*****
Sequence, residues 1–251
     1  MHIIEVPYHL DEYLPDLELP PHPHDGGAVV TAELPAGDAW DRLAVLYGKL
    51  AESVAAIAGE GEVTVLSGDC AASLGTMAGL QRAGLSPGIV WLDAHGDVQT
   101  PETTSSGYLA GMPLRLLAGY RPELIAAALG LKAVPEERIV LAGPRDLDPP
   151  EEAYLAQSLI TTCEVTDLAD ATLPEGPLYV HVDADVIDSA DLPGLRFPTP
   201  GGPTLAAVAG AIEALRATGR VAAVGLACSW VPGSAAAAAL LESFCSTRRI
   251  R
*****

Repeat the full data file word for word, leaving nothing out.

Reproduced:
Sequence, residues 1–251
     1  MHIIEVPYHL DEYLPDLELP PHPHDGGAVV TAELPAGDAW DRLAVLYGKL
    51  AESVAAIAGE GEVTVLSGDC AASLGTMAGL QRAGLSPGIV WLDAHGDVQT
   101  PETTSSGYLA GMPLRLLAGY RPELIAAALG LKAVPEERIV LAGPRDLDPP
   151  EEAYLAQSLI TTCEVTDLAD ATLPEGPLYV HVDADVIDSA DLPGLRFPTP
   201  GGPTLAAVAG AIEALRATGR VAAVGLACSW VPGSAAAAAL LESFCSTRRI
   251  R